1. First remove the stop screw of the tremolo switch.
  1. Place the tremolo switch in the tremolo compartment so that the front edge is flush with or behind the cutout for the tremolo block. Make sure that there is enough space to adjust the stop screw in both directions.

Note: You can either position the Tremolo Switch in the center of the tremolo compartment – this way you can install up to four springs – or offset it upwards towards the bass strings if you prefer your tremolo setup with three springs (one spring in the center).

  1. Mark the front hole for the countersunk screw. It’s best to use a center punch for this so that the drill doesn’t slip when you put it in place. To prevent paint from chipping, you can mask the drill hole with tape beforehand.
  1. Pre-drill the hole with a 2mm drill bit. Then screw the Tremolo Switch with the countersunk screw so that it can still be turned easily.
  1. Screw the stop screw (M4) back into the bolt and unscrew it until the screw head is in full contact with the tremolo block. The Tremolo Switch should be aligned as perpendicular as possible to the tremolo block.
  1. Pre-drill the rear hole as described in steps 3 and 4 and screw in the remaining screw. The rear hole has no centering. This means that the alignment of the Tremolo Switch can still be slightly corrected. Check the perpendicularity to the tremolo block again!
  1. Remove the stop screw once more and tighten the front countersunk screw. Afterwards it can be screwed in again and the Tremolo Switch can now be fine-tuned. In the following two variants for the correct adjustment are described below.

The following procedure describes the adjustment in case the tremolo is already perfectly adjusted, i.e. the base plate is parallel to the surface of the body and the tremolo block is perpendicular to it.

Unscrew the stop screw (M4) of the Tremolo Switch until the screw head just makes contact with the tremolo block. If you can observe a movement of the tremolo block, the stop is already turned out too far. Keep in mind that a minimal movement of the tremolo block when activating the Tremolo Switch already causes quite a large detuning.

The stop should also be adjusted in playing position, i.e. the guitar should be in front of you and not lying flat on a table with the back facing you. Gravity affects the resting position of the tremolo, which is why a Tremolo Switch that is perfectly adjusted in the lying position can suddenly cause slight detuning when activated in the playing position.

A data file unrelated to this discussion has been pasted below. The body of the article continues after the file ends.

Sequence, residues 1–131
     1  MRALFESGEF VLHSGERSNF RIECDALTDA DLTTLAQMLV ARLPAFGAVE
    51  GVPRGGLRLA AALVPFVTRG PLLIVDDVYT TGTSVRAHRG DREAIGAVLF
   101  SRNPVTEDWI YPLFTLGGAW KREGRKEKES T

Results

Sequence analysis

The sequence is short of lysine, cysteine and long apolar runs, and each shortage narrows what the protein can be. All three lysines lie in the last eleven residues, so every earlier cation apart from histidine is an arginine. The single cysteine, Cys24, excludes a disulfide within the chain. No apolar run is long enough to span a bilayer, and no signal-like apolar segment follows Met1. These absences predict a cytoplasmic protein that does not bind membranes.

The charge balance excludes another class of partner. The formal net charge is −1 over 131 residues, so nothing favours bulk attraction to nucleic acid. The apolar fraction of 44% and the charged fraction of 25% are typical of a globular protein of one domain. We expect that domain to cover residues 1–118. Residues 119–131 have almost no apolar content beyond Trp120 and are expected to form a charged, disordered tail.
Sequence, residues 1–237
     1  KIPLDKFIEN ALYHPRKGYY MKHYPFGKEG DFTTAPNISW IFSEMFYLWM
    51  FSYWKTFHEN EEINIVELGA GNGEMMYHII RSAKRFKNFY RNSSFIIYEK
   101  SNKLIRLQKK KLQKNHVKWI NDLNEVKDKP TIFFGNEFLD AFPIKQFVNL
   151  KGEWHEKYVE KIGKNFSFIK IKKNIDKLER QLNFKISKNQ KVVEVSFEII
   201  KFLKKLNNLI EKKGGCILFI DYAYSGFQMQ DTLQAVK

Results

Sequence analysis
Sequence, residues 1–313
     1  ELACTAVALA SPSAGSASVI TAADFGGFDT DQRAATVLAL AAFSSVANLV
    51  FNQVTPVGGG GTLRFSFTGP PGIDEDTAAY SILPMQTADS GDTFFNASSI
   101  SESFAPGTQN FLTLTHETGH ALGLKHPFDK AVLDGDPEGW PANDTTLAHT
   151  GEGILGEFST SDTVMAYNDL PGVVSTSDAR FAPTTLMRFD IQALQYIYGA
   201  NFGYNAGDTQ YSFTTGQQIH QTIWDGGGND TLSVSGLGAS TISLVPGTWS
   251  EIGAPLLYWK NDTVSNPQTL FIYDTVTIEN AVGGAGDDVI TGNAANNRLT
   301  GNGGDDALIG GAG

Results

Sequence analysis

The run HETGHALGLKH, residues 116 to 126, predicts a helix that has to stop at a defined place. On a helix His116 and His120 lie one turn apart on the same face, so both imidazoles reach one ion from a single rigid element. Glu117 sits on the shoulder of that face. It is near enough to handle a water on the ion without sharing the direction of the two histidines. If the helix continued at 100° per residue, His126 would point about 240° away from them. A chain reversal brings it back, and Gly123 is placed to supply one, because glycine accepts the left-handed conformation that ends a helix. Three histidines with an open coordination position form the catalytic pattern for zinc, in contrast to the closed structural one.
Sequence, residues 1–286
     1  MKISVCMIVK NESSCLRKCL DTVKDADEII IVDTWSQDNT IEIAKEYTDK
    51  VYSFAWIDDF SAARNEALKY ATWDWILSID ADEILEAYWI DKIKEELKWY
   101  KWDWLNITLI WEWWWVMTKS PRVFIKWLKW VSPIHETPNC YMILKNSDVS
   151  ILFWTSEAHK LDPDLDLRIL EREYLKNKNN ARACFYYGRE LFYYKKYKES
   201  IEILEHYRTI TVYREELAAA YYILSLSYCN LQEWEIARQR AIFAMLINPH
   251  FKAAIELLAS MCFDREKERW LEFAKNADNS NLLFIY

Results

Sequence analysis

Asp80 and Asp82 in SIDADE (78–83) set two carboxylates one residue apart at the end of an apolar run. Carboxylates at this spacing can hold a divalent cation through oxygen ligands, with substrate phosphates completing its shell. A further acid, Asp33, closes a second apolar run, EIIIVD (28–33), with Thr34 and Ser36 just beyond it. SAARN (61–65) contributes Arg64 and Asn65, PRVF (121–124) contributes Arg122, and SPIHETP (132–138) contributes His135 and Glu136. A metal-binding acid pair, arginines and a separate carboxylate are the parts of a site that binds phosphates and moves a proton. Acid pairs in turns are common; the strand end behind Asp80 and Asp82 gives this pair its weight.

Check the stop setting every now and then with a tuner. Ideally, no detuning should occur when the Tremolo Switch is activated. If the stop is turned out too far, it will push the tremolo slightly forward, causing a downward detune.

You should also check the play between the tremolo block and the stop by pushing the tremolo block slightly against the stop. If the tremolo block can be moved noticeably, there is too much gap between the stop and the tremolo block. This play is responsible for an upward detune when you want to drop-tune the guitar.

When the stop is perfectly adjusted, secure the position of the stop screw with the lock nut on the stop bolt. When tightening, make sure that the stop screw does not turn back in with it. It is best to use a second open-end wrench to hold the stop screw in place.

You can also put the cart before the horse by taking advantage of the fact that the stop of the Tremolo Switch determines the rest position of the tremolo:

First, deliberately set the tremolo’s spring tension a little higher so that the tremolo block pulls back and the base plate is thus no longer parallel to the surface of the body. Then activate the Tremolo Switch. The stop screw should already make contact with the tremolo block and push it forward a little. Now turn out the stop screw until the tremolo block is vertical and the base plate of the tremolo is parallel to the surface of the body again.

When this is done, secure the position of the stop screw with the lock nut on the stop bolt. When tightening, make sure that the stop screw does not turn back in with it. It is best to use a second open-end wrench to hold the stop screw in place.

Now tune the guitar and check the contact of the stop with the tremolo block. If the tremolo block is still in contact, reduce the spring tension until it just lifts off the stop. Note that the guitar will go out of tune when the spring tension is reduced. Therefore, each time you change the spring tension, you should also retune the strings. Retuning in turn causes the tremolo block to move. Balancing the spring tension is therefore an iterative process, which is why it is not helpful to screw only one side of the force equilibrium.

If the tremolo block already lifts from the stop after the first retuning, you have to go the opposite way and increase the spring tension step by step.

For the most exact alignment of the stop, adjust the tremolo switch in playing position as described in variant 1.

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